Now that construction has begun, we’re looking back over the past five years and all that’s transpired.

moving truckWe’ve lived in our current home for 25 years, and completed major remodeling, landscaping, new construction and pool reconstruction in that time. So we’ve been asked, “Why are you moving?”

The answer starts a dozen or so years ago, when Tom and I laid plans to retire in the vicinity of Chesapeake, Virginia, where my sister, her husband and their children, and my parents lived. We bought 35 acres on the Pasquotank River, southeast of Elizabeth City, North Carolina. It comprises wetlands, swampy areas, forest, and former farmland. With nearly a quarter of a mile of riverfront, it’s quiet and idyllic. We built a snug, lovely cottage for immediate vacation use, and planned to build a larger home once we were ready to retire.

Life is, of course, unpredictable, however, and five years ago or so we found ourselves rethinking our retirement plans. Parents were aging fast, and our two adult sons were married and settled right here in Ann Arbor. We began to think we should stay in Ann Arbor, and find a vacation cottage closer to home.

Our vacation-spot search began in northern Michigan, and then drew ever closer to Ann Arbor. When we found 15 acres on Tessmer Road, a designated “natural beauty road,” we stopped searching and started planning cottage construction.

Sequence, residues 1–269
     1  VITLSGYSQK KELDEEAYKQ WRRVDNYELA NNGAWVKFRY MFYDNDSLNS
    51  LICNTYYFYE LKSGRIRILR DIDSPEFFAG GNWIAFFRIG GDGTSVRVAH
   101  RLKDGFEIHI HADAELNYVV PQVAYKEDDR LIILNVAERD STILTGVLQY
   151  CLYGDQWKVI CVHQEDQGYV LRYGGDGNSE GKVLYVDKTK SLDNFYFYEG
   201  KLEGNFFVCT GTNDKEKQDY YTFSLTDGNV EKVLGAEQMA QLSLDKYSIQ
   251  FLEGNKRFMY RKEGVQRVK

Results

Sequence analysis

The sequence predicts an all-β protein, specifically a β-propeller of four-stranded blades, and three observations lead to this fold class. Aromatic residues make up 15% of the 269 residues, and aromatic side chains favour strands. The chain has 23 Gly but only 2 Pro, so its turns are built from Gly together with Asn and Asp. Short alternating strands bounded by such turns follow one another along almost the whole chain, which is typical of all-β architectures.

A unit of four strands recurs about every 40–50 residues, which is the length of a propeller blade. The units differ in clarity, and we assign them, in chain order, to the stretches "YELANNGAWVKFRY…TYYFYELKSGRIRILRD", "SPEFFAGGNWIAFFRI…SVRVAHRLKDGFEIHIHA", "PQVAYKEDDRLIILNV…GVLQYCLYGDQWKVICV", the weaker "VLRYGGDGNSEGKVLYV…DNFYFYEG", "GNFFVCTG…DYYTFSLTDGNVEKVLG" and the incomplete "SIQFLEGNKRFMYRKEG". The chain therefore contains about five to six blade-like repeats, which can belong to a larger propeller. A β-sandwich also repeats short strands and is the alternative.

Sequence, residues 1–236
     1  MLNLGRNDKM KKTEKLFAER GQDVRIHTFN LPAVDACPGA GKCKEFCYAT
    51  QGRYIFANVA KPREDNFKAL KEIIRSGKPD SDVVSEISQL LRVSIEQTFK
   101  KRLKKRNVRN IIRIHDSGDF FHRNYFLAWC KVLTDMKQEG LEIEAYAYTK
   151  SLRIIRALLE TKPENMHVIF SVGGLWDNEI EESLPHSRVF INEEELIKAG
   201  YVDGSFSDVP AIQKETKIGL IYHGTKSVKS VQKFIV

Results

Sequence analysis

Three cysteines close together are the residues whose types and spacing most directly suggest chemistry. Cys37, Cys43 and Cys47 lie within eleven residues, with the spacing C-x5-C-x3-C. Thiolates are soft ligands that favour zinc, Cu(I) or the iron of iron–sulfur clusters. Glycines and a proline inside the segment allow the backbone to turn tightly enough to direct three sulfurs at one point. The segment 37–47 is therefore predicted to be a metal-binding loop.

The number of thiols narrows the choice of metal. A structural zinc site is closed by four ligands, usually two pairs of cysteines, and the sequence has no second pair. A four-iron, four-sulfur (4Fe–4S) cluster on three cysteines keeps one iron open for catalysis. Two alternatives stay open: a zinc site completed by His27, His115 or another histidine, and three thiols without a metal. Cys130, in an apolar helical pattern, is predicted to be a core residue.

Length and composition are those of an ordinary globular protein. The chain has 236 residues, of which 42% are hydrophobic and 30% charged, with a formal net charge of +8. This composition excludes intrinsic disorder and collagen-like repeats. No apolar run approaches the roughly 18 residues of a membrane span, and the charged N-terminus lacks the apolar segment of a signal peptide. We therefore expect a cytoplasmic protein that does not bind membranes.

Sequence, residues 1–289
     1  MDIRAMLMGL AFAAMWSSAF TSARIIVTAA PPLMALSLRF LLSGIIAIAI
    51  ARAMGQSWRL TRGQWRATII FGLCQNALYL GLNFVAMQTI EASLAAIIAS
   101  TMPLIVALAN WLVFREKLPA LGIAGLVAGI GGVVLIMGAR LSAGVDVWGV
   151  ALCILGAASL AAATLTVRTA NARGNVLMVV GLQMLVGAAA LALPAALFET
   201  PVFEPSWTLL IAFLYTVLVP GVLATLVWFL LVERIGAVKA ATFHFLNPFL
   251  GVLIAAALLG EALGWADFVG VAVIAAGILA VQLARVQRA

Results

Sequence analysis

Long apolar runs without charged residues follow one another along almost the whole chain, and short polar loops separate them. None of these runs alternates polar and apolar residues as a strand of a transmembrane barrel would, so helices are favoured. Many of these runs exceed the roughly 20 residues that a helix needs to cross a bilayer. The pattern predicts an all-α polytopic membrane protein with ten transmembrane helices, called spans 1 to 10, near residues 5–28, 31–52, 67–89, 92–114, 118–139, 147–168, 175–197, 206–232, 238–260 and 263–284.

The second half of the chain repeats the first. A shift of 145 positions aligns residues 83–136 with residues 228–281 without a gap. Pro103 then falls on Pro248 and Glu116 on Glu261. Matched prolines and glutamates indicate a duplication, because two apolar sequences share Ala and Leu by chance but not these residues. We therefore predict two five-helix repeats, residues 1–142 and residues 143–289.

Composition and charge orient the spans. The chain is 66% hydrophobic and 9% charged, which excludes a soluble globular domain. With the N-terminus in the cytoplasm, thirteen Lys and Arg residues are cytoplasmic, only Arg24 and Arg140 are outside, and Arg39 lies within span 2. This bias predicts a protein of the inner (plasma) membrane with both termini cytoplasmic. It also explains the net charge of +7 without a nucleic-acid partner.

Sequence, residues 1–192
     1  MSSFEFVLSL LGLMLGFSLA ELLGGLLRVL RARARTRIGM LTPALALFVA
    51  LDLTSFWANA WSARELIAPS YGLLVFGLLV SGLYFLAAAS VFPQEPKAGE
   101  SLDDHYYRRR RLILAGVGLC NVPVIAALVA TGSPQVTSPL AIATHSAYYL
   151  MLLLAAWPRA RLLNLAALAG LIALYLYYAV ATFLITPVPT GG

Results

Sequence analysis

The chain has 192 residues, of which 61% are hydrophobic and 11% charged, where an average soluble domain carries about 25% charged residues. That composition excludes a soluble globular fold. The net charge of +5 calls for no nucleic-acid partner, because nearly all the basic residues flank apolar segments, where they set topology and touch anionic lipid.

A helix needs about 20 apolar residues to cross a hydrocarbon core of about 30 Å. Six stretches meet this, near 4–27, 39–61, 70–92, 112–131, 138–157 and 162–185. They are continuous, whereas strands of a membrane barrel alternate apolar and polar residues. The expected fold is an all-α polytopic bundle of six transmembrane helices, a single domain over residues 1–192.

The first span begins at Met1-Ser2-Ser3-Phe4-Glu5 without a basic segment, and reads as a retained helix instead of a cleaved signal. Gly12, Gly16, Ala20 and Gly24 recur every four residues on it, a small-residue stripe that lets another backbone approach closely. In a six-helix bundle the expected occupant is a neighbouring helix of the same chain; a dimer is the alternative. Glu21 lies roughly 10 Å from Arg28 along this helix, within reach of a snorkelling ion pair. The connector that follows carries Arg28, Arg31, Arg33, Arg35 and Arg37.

And the next logical step was to choose to sell our current house and move to our vacation home. The Tessmer Road site is exactly what we crave in a vacation setting: quiet, remote and rural. Who wouldn’t want to be permanently on vacation?

Building design had barely begun when we learned about the Living Building Challenge. Tom and I hold dearly our memories of time spent in nature in our growing up years, and we have always been drawn to living in concert with nature. We’d not implemented that attraction, at least not in any big way. LBC caught our attention as a method by which to build a home that adds to, rather than detracts from, the environment, and a metric by which we can measure our effectiveness in achieving that goal.

So for next time: more on our love for creation and our response to the challenge of building the greenest of green homes . . .

Leave a Reply

Your email address will not be published. Required fields are marked *

This site uses Akismet to reduce spam. Learn how your comment data is processed.